Stefan Buck is general manager of Global Drinking Water Treatment Units for NSF International. Buck can be reached at [email protected].
Access to clean drinking water is a luxury that Americans often take for granted. Water scarcity is a growing problem, with more than 2 billion people living in countries with an inadequate water supply and 4 billion people experiencing severe water scarcity for at least one month each year. While the issue of water contamination due to droughts and extreme weather events is a much larger problem that needs to be addressed, filtration systems can serve as a short-term solution to help eliminate harmful contaminants from drinking water.
Water filters reduce contaminants in water that in large amounts can make it unsafe to drink. Contaminants like lead are often undetectable to the naked eye, but can have severe consequences if consumed at unsafe levels. Filters are designed to reduce specific contaminants, however it is important to know that one filter may not address all possible pollutants. Finding out what contaminants may be polluting your water through your local water quality report is an essential first step in determining which water treatment system is right for your home. For this, NSF International provides a helpful guide on which filters are effective for common contaminants.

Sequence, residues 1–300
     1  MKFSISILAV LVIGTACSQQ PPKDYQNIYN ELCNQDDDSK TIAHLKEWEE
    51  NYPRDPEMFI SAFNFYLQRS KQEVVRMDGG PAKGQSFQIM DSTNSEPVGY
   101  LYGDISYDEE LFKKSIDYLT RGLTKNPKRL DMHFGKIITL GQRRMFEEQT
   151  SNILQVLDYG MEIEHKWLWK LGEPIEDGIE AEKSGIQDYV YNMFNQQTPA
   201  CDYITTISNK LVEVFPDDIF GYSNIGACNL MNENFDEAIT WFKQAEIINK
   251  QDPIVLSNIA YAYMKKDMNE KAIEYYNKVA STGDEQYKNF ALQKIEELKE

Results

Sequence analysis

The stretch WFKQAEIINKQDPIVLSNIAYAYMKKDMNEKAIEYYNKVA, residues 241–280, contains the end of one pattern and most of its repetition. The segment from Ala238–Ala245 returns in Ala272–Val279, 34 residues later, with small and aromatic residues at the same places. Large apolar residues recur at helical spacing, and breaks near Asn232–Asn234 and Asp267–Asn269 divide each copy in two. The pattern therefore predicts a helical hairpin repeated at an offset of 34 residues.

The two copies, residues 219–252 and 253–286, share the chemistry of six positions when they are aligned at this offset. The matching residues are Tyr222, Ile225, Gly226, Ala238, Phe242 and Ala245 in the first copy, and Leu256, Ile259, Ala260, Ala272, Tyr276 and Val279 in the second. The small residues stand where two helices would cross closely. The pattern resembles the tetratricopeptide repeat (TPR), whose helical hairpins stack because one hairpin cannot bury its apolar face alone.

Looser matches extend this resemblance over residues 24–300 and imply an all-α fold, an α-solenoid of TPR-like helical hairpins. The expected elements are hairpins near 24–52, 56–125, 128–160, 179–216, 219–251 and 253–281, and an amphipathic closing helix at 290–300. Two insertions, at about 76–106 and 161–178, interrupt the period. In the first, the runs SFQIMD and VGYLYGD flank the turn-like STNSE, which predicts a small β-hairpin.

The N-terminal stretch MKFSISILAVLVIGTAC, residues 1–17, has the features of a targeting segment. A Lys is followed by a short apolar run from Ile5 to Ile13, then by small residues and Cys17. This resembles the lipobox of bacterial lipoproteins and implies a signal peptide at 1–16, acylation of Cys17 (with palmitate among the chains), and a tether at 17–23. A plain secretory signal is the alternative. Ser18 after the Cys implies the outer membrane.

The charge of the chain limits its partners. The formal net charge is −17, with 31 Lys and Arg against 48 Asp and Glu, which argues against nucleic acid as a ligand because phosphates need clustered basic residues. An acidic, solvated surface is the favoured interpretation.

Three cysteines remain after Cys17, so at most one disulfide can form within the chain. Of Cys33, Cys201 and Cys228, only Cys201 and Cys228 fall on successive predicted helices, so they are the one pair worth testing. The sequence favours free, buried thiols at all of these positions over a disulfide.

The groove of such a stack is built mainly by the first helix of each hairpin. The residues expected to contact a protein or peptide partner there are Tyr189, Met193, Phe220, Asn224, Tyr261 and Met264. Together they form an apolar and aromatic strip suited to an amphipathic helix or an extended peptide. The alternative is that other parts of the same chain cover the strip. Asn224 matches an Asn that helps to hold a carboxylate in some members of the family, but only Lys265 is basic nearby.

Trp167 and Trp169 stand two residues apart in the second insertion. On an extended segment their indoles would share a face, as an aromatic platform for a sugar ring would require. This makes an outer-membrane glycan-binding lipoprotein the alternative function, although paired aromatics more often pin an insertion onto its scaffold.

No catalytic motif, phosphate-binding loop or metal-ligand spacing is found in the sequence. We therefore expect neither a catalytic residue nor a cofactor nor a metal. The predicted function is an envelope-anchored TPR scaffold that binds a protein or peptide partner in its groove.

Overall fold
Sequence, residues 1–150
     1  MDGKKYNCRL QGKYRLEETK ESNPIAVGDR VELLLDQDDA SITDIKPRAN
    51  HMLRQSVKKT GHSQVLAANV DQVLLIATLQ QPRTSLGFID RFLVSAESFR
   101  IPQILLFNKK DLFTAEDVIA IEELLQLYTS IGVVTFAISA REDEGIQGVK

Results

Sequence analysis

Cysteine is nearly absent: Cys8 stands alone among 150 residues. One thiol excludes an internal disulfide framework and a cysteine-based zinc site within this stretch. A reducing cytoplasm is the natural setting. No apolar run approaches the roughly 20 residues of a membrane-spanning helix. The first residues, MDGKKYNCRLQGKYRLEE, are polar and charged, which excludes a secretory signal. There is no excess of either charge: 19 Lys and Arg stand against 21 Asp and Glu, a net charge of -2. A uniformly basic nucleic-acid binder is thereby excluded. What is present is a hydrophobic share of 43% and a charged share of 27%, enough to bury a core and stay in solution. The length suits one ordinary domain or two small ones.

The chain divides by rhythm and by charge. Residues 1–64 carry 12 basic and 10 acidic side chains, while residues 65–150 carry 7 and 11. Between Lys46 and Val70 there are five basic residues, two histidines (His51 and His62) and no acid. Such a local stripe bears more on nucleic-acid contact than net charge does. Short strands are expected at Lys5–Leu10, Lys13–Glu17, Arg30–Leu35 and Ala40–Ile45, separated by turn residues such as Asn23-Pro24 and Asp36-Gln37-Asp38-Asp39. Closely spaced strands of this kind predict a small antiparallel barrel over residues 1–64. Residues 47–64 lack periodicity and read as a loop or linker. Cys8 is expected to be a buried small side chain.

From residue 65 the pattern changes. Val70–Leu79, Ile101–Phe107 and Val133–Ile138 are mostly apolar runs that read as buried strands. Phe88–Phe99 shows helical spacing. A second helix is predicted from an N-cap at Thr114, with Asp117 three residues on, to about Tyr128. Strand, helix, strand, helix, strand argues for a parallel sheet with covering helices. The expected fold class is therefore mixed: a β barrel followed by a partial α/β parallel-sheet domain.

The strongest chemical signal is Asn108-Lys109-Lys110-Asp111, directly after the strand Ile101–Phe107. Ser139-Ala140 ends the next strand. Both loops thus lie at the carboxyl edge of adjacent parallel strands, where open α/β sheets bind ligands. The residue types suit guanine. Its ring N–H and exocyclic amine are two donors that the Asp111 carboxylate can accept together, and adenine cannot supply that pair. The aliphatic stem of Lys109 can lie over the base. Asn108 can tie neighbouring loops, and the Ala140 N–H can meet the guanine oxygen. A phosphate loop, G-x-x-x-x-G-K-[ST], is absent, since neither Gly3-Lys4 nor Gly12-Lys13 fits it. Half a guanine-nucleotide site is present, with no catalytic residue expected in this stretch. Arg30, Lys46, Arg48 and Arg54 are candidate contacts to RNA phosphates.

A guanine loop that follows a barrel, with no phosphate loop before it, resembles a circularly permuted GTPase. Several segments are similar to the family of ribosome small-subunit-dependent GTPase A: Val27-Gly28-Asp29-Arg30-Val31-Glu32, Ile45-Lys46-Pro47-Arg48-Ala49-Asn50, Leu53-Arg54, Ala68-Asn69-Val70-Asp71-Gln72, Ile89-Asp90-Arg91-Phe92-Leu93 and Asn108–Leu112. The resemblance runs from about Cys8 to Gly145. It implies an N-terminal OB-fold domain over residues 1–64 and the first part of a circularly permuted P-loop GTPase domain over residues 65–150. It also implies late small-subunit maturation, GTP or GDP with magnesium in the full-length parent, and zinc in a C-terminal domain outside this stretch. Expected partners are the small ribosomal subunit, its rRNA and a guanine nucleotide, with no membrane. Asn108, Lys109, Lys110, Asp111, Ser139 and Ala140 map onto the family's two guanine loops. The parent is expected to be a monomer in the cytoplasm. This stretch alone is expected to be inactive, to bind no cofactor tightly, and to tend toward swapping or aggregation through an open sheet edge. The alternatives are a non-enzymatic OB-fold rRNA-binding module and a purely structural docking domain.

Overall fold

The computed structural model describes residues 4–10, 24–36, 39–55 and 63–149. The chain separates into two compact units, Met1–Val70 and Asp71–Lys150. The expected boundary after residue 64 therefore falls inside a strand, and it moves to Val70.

Understanding Water Filtration Systems
Consumers are the primary target for residential filtration units, especially those who have concerns with their water quality, have compromised immune systems or live on private wells. According to the U.S. Centers for Disease Control and Prevention (CDC), private wells are fairly common, with more than 15 million U.S. households relying on them for water. Those who live on private wells often need to use a water softener or remove particles from their water with a pre-filter.
Additionally, contaminants in water can be more prevalent in certain parts of the country than others. Rural areas, for example, typically fail to meet water health standards more frequently than urban areas. Even if none of those situations apply, there are still non-health-related applications of water filtration systems as many people purchase filters in the interest of improving the taste of their water.